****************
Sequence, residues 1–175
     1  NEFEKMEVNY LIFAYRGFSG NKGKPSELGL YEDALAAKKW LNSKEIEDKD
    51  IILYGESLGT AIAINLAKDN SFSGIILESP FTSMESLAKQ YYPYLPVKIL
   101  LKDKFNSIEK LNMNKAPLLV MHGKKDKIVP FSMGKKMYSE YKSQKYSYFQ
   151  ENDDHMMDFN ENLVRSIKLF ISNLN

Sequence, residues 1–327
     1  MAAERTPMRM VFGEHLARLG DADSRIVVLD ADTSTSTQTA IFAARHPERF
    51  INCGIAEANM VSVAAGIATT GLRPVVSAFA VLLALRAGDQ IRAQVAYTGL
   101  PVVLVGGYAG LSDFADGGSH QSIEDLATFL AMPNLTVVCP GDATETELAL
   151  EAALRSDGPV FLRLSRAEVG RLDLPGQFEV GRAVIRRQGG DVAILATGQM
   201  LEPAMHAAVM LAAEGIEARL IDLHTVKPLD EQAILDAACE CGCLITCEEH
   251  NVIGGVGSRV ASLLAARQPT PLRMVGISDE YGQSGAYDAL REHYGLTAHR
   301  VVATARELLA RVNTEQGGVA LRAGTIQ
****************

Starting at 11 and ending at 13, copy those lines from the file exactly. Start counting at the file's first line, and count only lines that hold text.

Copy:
   201  LEPAMHAAVM LAAEGIEARL IDLHTVKPLD EQAILDAACE CGCLITCEEH
   251  NVIGGVGSRV ASLLAARQPT PLRMVGISDE YGQSGAYDAL REHYGLTAHR
   301  VVATARELLA RVNTEQGGVA LRAGTIQ